FROM David Luhnow
Mexico's Presidential Election and the War on Drugs When Felipe Calderón was elected President six years ago, he declared a military offensive against Mexico's murderous drug cartels. Since then, 50,000 people have died. Calderón's term is over and he is barred from seeking a second six-year term. Former President Vicente Fox has called for drug legalization, and although all three major candidates in the July election have pledged to reduce the violence, none has been specific so early in a three-month campaign. Enrique Peña Nieto, the leading candidate, belongs to the PRI, which ran the country for 70 years; Calderón's conservative PAN party is running Josefina Vázquez Mota, the first woman candidate of a major party; and the left-leaning PRD has nominated Andrés Manuel López Obrador, the former Mayor of Mexico City. We hear about a nation of disillusioned voters, and what the election results could mean for the US.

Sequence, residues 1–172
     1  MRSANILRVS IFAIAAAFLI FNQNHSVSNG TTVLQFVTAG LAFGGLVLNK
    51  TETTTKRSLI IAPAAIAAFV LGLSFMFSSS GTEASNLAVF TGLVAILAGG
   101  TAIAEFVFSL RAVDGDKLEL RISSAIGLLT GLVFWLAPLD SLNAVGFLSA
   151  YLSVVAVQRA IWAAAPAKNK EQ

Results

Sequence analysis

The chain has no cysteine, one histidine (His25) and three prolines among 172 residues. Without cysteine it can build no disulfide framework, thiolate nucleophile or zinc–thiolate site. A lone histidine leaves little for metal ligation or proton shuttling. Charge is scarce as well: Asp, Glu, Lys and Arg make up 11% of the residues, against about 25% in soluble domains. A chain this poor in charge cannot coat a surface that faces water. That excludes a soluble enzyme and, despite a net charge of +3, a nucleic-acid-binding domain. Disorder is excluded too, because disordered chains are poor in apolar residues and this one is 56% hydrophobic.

Mixed Messages from US diplomats on the new hard line on Syria Since President Trump's surprise retaliation against Syria's use of chemical weapons, Bashar al-Assad has used the same airport to launch conventional attacks on his own people. It's not clear what the US, its allies — or Vladimir Putin's Russia -- plan to do now.
Will the march for science politicize objective research? Protesters are gathering all over the country for tomorrow's Earth Day March for Science. Since President Trump has proposed massive cuts in basic scientific research, will the movement be perceived as partisan politics — whether scientists themselves like it or not?